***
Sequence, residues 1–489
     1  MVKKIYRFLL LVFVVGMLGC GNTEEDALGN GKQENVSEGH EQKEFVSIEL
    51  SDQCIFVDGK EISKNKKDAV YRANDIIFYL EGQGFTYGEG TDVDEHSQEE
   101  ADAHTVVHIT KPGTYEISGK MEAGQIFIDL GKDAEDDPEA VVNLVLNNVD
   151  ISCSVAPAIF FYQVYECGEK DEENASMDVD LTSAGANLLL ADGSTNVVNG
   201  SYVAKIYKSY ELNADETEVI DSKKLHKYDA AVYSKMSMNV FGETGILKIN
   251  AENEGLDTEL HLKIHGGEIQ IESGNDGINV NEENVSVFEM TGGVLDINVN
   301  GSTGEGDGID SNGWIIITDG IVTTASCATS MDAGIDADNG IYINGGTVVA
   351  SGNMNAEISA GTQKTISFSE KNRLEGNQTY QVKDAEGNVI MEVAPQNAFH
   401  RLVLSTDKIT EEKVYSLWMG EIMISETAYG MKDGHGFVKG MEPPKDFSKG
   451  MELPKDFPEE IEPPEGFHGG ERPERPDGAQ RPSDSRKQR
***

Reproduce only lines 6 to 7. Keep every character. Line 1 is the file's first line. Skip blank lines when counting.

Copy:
   201  SYVAKIYKSY ELNADETEVI DSKKLHKYDA AVYSKMSMNV FGETGILKIN
   251  AENEGLDTEL HLKIHGGEIQ IESGNDGINV NEENVSVFEM TGGVLDINVN